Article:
During the Game Activities

Fun Science Talk
Invite a local scientist or scientists to share their expertise and enthusiasm with your fans. Some scientists could bring their own activities or props to share as well. If you need help finding local experts to attend your event, check out the Find A Partner section of this page.

Moon Trivia
Between innings, you could show Moon trivia on the jumbotron and have fans vote for what they think the correct answer is. For lunar-related trivia ideas, check out NASA’s Moon website.

Post-Game Activities

Landing Humans on the Moon Educator Guide
Your ballpark could have copies of this educator guide, featuring NASA’s Artemis missions to the Moon, available for parents and teachers to continue the discussion with their students after the game.

Water Bottle Rocket Activity
Water Bottle Rocket Activity [ Activity details and instructions ]

Water Bottle Rockets
Utilize part of the field as a launching area for water bottle rockets. Customize your rockets by attaching your team’s logo to the water bottle. Please make sure to provide safety glasses for participants. Note: You can also search for pre-made rocket kits online. *This activity pairs well with the video “To the Moon and Back: The Journey of Artemis I” (see the Gallery section).

Telescope Viewing
You can team up with local astronomy clubs or departments to help facilitate telescope viewing after the game (see the Find A Partner section). Discover what the Moon’s phase will be on the date of your event using NASA’s Scientific Visualization Studio. Several lunar phases are particularly great to observe through a telescope – those that offer views of the “terminator,” or the line between night and day on the Moon, without the Moon itself being too bright – the crescent and quarter moons.


A map shows the 48 contiguous U.S. states with two dark bands running across it. One band, labeled "Annular Solar Eclipse," crosses states from Oregon to Texas. The other band, labeled "Total Solar Eclipse," crosses states from Texas to Maine.
This map shows where the Moon’s shadow will cross the U.S. during the 2023 annular solar eclipse and 2024 total solar eclipse. [ Full image and details ]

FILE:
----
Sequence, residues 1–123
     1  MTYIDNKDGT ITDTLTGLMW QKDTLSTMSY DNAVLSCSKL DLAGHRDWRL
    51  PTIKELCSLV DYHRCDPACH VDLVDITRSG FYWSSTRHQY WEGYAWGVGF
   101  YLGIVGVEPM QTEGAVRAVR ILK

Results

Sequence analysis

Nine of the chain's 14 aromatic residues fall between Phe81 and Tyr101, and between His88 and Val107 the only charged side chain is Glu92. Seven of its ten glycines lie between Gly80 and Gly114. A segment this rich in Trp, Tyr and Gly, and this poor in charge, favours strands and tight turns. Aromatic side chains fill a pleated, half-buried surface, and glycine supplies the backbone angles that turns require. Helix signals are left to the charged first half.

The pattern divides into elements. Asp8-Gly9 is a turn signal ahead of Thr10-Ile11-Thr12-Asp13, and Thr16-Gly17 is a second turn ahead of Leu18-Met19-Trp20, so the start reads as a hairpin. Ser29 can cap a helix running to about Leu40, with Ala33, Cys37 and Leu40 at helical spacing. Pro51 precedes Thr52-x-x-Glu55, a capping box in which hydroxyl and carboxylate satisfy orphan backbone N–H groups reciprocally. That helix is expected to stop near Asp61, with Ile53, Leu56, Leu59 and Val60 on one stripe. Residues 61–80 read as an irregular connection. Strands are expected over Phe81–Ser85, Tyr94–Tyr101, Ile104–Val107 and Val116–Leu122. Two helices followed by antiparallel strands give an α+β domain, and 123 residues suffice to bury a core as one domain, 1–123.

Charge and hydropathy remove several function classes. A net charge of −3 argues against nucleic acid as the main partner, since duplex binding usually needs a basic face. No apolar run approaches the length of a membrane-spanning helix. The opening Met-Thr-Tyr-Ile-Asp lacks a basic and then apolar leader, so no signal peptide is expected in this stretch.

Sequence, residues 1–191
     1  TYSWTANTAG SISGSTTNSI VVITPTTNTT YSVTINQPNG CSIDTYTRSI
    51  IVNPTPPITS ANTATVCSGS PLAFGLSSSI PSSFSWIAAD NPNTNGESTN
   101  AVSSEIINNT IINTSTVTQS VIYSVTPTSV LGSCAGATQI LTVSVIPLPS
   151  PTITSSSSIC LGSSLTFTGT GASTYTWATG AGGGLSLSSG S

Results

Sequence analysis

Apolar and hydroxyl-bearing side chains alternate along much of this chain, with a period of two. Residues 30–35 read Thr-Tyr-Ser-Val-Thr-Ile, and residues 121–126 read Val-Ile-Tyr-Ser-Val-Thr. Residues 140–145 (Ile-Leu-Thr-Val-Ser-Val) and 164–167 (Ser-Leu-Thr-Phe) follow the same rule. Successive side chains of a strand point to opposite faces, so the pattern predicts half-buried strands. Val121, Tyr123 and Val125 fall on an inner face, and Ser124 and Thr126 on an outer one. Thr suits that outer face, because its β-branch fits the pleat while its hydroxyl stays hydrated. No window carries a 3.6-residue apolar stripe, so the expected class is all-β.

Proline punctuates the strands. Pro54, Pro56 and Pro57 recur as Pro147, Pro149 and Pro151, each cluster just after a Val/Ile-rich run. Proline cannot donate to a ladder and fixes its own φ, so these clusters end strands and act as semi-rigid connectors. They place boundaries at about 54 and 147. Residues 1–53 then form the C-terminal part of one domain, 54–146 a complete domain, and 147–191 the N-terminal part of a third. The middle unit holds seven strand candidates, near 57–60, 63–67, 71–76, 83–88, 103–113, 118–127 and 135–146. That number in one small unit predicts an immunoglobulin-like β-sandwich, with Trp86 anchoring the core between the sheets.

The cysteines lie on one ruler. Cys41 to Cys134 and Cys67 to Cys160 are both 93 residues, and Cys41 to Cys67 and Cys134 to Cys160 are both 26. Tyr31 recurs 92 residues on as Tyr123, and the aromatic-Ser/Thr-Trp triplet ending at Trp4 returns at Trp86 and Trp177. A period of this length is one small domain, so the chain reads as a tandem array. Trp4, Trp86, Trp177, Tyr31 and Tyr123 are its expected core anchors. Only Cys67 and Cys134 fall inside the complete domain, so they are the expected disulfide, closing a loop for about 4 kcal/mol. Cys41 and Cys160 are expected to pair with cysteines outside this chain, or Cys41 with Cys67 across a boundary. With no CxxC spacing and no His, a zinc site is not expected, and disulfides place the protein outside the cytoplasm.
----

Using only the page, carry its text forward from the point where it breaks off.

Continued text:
2024 Solar Eclipse: Map and Data
Check out this map which shows where the Moon’s shadow will cross the U.S. during the 2024 total solar eclipse, and where partial eclipses will be visible.

Solar Eclipse Glasses or Solar Viewers
If you don’t have eclipse glasses or a handheld solar viewer, you can use an indirect viewing method, which does not involve looking directly at the Sun. One way is to use a pinhole projector, which has a small opening (for example, a hole punched in an index card) and projects an image of the Sun onto a nearby surface. With the Sun at your back, you can then safely view the projected image. Do NOT look at the Sun through the pinhole!

LRO Eclipse Lithograph
Learn about eclipse observations enabled by NASA’s Lunar Reconnaissance Orbiter.

Moon Observation Journal
Set aside some time each day to look at the Moon. Record your observations in the log included here. The solar eclipse provides a rare opportunity to see a new moon – something fans won’t often be able to include in a Moon Observation Journal. We also have a general non-eclipse specific journal available as well.

Moon Photo Challenge Bingo
Challenge your fans to complete this Moon Photo Bingo sheet.

LRO Coloring Page
Color an outline of NASA’s Lunar Reconnaissance Orbiter spacecraft as it orbits the Moon.

Videos & Animations

Baseball Hits an Eclipse
Check out this video for an example NASA event at a minor league baseball game during the August 21, 2017, total solar eclipse.

A Tour of NASA’s 2024 Solar Eclipse Map
Watch a close-up tour of NASA’s 2024 solar eclipse map.